Microsoft Windows phones 7.0 were released less than a year ago, but somehow the number of users remains low as consumers still opted to go for Android run smartphones and the iPhone, which at the moment are seeing mercurial rise in number or usage globally.
The platform intended for touch device was still new (Microsoft made the new software from the ground up) and needed more fine tuning for some stuff such as its inability to multitask, copy and paste, or the camera couldn’t be accessed by some applications in network connections.
But now the Windows phone 7.5 makes an appearance, boasting of new power and features and undoubtedly reinforced the idea of a tile format UI called the Metro UI is better alternative than the widgets arranged in a grid espoused by Android and the iPhone.
Samsung, LG and HTC have already come out with Windows 7.5 phones, which offer a new and exciting approach to smartphone experience.
Windows Phone 7.5, codenamed “Mango” offers a number of new features and experiences designed to build on the phone’s intuitive “people-first” foundation, according to Jason Lim, Windows general manager, Microsoft APAC.
Apart from running simultaneous applications, the Windows 7.5 smartphone features more integrated apps, mobile web browsing, and powerful personalization tools, like integrated social networking and conversation threads that connect people and their experiences according to Lim. He said the new version has “more than 500 new features and enhancements to deliver smarter and easier communications, apps and Internet experiences.”
The Metro UI or “Live Tiles” format of Windows Phone is a key difference from other smartphones as each tile isn’t made to be just another application launcher. Each tile or “Hub” combines data from different services that make sense to the user.
The tile format is a more organized way of accessing app or services as the user does less searching, unlike in an Android or iPhone, where apps or widgets get cluttered, particularly when the user is in the habit of downloading more applications.
For example, the “People Hub” offers an integrated view of all your contacts from Facebook, Twitter, Windows Live, Exchange, Gmail and Yahoo as well as updates from your social network friends. So it just doesn’t function as a place to look for a friend’s number, but also a place you go to find what your friends are doing or saying in Twitter or Facebook or read the messages they’ve sent you or see the photos they’ve uploaded.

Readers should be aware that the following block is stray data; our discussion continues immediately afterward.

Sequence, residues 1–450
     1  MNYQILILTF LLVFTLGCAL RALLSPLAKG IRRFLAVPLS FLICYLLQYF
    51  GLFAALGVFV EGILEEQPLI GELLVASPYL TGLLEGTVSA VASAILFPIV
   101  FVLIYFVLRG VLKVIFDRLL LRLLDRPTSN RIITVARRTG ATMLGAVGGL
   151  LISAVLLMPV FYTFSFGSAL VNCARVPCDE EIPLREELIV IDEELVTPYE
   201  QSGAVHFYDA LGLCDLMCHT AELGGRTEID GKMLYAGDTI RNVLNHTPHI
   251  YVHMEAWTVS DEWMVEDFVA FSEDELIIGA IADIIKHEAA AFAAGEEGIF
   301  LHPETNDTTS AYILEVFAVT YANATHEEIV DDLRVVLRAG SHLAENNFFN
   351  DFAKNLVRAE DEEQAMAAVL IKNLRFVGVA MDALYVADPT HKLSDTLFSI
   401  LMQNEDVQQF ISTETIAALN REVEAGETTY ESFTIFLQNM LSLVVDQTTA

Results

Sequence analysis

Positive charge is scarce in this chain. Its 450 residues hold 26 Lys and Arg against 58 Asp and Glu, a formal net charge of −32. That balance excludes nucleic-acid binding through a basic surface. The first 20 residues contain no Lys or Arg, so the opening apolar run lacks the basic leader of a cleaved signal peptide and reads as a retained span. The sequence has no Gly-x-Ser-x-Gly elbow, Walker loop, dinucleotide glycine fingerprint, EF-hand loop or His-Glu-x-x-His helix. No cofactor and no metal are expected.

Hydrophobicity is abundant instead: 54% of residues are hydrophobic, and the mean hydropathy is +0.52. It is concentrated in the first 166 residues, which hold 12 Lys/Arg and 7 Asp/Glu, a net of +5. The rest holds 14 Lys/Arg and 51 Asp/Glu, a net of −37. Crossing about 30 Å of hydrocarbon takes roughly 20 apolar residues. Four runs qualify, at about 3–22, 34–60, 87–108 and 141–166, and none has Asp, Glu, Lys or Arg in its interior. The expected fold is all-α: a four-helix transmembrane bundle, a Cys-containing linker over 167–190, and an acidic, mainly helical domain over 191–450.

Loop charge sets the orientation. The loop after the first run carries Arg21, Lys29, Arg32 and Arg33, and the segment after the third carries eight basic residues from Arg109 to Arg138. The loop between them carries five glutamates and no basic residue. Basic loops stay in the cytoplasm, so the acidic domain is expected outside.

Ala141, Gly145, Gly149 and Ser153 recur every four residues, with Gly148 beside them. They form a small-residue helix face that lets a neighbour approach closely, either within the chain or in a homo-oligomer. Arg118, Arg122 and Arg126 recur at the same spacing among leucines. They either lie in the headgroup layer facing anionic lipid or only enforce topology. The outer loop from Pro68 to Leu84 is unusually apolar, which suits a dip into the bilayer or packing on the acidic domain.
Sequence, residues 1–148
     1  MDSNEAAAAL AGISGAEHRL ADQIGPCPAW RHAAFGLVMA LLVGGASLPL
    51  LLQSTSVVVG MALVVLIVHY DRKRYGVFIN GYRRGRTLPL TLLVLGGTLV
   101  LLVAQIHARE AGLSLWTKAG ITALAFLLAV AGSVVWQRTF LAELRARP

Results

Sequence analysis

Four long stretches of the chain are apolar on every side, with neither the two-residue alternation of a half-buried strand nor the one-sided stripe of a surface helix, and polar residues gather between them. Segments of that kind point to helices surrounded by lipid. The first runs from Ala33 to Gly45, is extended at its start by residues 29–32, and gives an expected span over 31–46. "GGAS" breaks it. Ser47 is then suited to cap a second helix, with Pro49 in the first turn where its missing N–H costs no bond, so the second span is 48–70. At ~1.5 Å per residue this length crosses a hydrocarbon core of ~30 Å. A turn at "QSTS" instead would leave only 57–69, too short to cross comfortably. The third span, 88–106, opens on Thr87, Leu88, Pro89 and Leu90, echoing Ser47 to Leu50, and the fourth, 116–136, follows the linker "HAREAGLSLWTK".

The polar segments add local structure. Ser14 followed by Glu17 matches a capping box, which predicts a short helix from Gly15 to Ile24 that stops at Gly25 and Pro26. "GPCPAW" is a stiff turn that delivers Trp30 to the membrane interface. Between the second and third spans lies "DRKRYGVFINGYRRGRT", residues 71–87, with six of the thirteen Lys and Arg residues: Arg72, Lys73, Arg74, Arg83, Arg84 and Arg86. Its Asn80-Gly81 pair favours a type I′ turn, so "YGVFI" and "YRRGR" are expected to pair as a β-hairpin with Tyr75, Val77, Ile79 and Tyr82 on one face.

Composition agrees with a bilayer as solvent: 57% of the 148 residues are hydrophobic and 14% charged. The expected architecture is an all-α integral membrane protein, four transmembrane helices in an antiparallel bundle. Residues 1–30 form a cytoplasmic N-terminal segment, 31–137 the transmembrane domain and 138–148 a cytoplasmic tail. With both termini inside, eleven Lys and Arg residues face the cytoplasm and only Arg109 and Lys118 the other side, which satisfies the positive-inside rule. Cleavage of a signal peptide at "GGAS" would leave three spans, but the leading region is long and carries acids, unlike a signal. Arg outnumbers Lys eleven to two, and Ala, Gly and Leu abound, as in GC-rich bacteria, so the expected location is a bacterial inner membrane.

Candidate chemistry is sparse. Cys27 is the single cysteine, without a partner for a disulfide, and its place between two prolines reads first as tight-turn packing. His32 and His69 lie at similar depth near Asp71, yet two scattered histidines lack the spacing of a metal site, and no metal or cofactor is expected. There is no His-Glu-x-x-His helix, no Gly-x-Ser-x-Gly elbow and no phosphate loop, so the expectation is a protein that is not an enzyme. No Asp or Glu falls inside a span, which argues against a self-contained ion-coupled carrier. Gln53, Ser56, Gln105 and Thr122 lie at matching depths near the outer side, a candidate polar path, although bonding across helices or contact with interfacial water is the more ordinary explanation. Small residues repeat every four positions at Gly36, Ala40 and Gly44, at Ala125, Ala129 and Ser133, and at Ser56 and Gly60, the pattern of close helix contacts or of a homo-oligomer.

At the Pictures hub or tile, you can manage pictures shared on Facebook or SkyDrive, but you can also see pictures your friends have taken, and you can see who’s tagged you.
The Gaming Hub is where all your gaming needs reside, from accessing Xbox Live account to downloadable games to engaging in online gaming with another Xbox Live member. The animated Avatar that represents you is also cool-looking.
Lim said the Windows phone works incredibly for each type of user, unlike other smartphones that take a PC-like approach and wasn’t totally designed from a user’s point of view or habit.
“Today’s phones take a very traditionally PC-like approach in that they are built around icons linking to apps. To get information users must run the applications one by one. They force the user to coordinate across the device and piece together disconnected experiences.”
“People’s lives are not a set of discrete tasks and their phones should not be either. Windows Phone 7 is built around the tasks users really do and integrates them seamlessly with a rich, ‘glanceable’ home screen view and common experiences like photos, gaming, and productivity built into “Hubs” designed specifically for those tasks,” said Lim.
Browsing is also faster with Internet Explorer 9 as it has support for HTML5 and hardware acceleration.
Local Scout is an application that gives local recommendation for restaurants, shops, activities in your vicinity, but it still doesn’t include Philippine setting.
Bing search is also greatly improved with the incorporation of Bing Vision (scan an image to conduct an online search), Music Search and Voice for recognizing images, tags, songs and even the user’s speech.
There’s also a good voice command, allowing the user to dictate to the phone a text message, which the phone accurately types for you.
The Metro UI takes getting used to, but it’s the most easiest to learn—you don’t have to be a geek to be able to use the Windows phone as there’s not really much layers or separate apps to get into as data and apps are grouped together according to use.
With the new Windows phone, Microsoft has truly provided consumers a very friendly, snappy, responsive, and easy-to use smartphone. But there’s a drawback still, it can’t save draft message.